“If we catch one, we put it into stew with rice. It is not often, but maybe once a week or once a month,” says Mamadi Ceonde, a 33-year-old hunter from the nearby village of Kilima.
“It is the same story everywhere. Our parents ate bats without problems, so we do the same. We are aware of the risk but continue to eat.”
Bats aren’t the only threat. The widespread practice of hunting for rodents is similarly fuelling the spread of diseases – in this case, Lassa Fever, a haemorrhagic illness that is endemic to southern Guinea.
The illness is carried by the multimammate mouse, which is commonly caught and eaten by child hunters, who target small rodents and birds in the forest rather than larger, harder-to-kill animals like antelopes and monkeys.
As a result, the prevalence of Lassa Fever is staggeringly high among young children, says Dr Boré, who grew up in the region.
“One of the signs is nose bleeding; in this area, you’ll see many children having a nosebleed,” he says. “I even had it when I was younger, when I was seven or eight years old. Many of my colleagues had it too.”
Why the disease doesn’t cause more harm in the region is a mystery, Dr Boré adds. While “a lot of people usually die” in the outbreaks reported elsewhere in West Africa, the communities of southern Guinea don’t report the same level of fatalities.
“Is the strain of Lassa Fever moving around these parts not as pathogenic compared to what we see in Nigeria or Sierra Leone? Or has the local population in these communities in Guinea developed higher levels of immunity? If so, how? It could be a combination of both.”
He hopes to answer these questions at a lab he is currently constructing with CRAM, and conduct further research into the spread of pathogens in the region.
The facility will also be dedicated to testing samples taken from local sick villagers in a bid to identify the cause of their illness. However, says Dr Boré, more funding is needed so they can afford equipment and a large enough generator capable of powering the whole lab.
“With what we’ve currently got, we’ll only have enough electricity to power one room at a time,” he explains. “We won’t be able to keep many of our machines running, and this will slow down our work.”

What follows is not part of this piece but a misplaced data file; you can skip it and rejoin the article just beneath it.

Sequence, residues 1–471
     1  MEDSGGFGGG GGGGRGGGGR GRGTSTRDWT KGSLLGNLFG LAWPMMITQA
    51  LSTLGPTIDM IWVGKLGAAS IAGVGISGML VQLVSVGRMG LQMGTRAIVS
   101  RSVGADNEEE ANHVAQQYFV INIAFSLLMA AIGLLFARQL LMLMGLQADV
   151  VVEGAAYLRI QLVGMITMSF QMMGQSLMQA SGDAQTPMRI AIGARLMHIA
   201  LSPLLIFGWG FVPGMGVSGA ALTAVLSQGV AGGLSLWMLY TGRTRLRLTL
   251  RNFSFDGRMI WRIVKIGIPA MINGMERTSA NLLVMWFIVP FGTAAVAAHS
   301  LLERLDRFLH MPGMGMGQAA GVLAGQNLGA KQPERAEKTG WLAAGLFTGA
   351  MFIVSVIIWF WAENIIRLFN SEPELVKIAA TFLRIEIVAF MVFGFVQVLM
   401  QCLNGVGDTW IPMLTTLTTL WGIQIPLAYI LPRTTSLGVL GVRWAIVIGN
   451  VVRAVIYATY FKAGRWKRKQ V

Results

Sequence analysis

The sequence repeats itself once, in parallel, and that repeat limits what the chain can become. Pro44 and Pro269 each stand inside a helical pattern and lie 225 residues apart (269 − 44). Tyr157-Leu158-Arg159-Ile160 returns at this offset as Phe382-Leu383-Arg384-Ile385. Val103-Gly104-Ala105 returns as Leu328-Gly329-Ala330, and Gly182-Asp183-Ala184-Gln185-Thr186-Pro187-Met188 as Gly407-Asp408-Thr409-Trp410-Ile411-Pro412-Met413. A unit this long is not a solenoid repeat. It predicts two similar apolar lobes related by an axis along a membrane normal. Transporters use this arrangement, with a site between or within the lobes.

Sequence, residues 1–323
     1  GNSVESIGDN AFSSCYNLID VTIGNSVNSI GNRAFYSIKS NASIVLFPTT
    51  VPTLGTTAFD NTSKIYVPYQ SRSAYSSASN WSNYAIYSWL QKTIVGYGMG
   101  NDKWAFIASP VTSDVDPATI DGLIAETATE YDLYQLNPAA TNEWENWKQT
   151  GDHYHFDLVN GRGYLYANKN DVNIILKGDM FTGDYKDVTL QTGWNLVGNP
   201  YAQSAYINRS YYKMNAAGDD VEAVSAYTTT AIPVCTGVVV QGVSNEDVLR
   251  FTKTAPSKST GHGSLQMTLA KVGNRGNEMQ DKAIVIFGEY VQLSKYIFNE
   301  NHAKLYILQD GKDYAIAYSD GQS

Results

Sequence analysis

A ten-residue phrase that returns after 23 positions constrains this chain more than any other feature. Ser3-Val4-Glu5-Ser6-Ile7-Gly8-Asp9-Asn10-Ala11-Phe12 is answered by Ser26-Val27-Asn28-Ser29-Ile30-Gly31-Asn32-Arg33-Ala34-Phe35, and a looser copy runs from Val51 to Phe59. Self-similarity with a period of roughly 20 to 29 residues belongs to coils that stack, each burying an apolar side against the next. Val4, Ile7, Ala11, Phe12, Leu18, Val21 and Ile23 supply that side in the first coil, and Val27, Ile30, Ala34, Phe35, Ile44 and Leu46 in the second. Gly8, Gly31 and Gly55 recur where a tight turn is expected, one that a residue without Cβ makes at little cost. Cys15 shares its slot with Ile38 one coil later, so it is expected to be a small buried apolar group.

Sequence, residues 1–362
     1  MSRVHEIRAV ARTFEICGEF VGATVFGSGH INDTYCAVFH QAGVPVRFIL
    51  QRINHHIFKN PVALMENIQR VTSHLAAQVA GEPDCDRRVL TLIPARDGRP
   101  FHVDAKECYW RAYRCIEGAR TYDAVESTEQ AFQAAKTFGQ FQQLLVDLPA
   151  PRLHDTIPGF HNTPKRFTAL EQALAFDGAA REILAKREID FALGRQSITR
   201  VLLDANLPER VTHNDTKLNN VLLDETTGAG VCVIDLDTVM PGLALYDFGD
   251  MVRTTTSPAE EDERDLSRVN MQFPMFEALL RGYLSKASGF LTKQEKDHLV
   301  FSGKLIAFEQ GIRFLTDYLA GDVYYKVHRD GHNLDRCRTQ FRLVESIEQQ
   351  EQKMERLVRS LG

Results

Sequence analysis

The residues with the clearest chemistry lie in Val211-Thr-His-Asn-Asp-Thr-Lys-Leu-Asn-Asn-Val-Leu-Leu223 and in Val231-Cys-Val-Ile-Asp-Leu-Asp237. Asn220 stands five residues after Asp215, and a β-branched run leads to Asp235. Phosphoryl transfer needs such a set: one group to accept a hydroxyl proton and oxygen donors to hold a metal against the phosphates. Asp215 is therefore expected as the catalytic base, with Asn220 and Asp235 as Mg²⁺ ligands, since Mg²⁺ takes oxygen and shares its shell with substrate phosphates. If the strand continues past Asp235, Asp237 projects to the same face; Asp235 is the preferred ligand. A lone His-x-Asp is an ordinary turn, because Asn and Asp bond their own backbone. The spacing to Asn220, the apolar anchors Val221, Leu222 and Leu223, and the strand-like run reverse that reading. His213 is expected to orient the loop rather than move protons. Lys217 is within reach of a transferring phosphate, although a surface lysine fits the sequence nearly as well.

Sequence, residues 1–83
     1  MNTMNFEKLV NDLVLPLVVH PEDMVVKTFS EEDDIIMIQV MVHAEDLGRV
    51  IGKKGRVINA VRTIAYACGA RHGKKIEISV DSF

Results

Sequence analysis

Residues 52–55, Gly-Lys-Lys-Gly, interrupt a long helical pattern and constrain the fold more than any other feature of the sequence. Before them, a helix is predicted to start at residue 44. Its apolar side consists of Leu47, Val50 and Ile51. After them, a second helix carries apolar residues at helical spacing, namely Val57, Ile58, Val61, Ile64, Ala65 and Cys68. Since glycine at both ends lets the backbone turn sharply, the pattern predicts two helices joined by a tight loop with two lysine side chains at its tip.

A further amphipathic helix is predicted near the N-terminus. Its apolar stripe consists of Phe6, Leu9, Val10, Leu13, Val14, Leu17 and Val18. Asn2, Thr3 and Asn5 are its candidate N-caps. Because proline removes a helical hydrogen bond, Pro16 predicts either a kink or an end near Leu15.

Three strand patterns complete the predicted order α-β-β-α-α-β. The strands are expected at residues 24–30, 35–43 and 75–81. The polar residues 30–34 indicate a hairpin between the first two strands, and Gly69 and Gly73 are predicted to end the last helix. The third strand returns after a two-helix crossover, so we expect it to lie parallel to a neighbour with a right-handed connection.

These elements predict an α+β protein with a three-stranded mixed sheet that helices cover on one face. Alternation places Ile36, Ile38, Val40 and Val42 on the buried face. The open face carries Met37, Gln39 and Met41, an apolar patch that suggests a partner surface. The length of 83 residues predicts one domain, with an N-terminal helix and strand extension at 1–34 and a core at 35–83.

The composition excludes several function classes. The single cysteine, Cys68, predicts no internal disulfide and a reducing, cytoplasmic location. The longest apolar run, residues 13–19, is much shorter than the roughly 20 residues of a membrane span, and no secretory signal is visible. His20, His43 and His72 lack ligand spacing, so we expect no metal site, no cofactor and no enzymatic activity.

Infrastructure like this fits into wider attempts to improve the public health preparedness of the region and its ability to respond to future outbreaks.
The threat posed by Lassa Fever is certainly being taken seriously in Guinea, so much so that government health officials and experts met in September to devise a national strategy for dealing with the infection.
This plan aims to “improve the diagnosis of the disease as quickly as possible,” says Dr Pierre Tamba Kadouno, head of infections at the health department of Gueckedou prefecture.
Health officials from across Guinea are being sent to visit hospitals in Conakry, the capital, to get trained up on rapid diagnostics tests for Lassa Fever. “We are also improving our test and trace response,” says Dr Kadouno.
The government is meanwhile planning to create strategies for outbreaks of other diseases, such as Marburg virus, while each of Guinea’s 33 prefectures are in the process of training and hiring dedicated epidemiologists.
A major challenge facing these experts is how to navigate the cultural sensitivities surrounding the nation’s bush-hunting communities.
“To hunt is a way of life for these people,” says Dr Boré, adding there are roughly 3,000 huntsmen in the Macenta prefecture to which Bouolazou village belongs, and thousands more across southern Guinea.
Given the poverty of the region, and the absence of sustainable farming in the forests, there is also a clear need to venture into the bush. It’s more than just a “way of life” – it’s a means of survival.
Education is key. In the Gueckedou and Macenta prefectures, each village has its own healthcare agent, who is trained to advise residents about what infections are on the rise and how to limit their spread. These agents also regularly issue reminders on what type of animals not to eat.
“But more education is needed,” Dr Kadouno says. “Diseases have signs, which have been taught to hunter communities, so if they spot them, they know to go to the hospital. But we need to get these messages to more villages.”
Improving farming outputs, and therefore “reducing the need to go and take bushmeat,” would also help, says Prof Carroll.
“The villages don’t have great farming practices and instead keep clearing land on a regular basis when they exhaust one area. This means more encroachment and more chances of animal interaction.”
Investing in the way these communities treat and farm the soil could possibly improve the farming yield, Prof Carroll adds.
He argues that while “we can’t necessarily stop spillovers from happening, we can try to reduce the risks these people face and respond more rapidly when they happen”.
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Sarah Carter is a health and wellness expert residing in the UK. With a background in healthcare, she offers evidence-based advice on fitness, nutrition, and mental well-being, promoting healthier living for readers.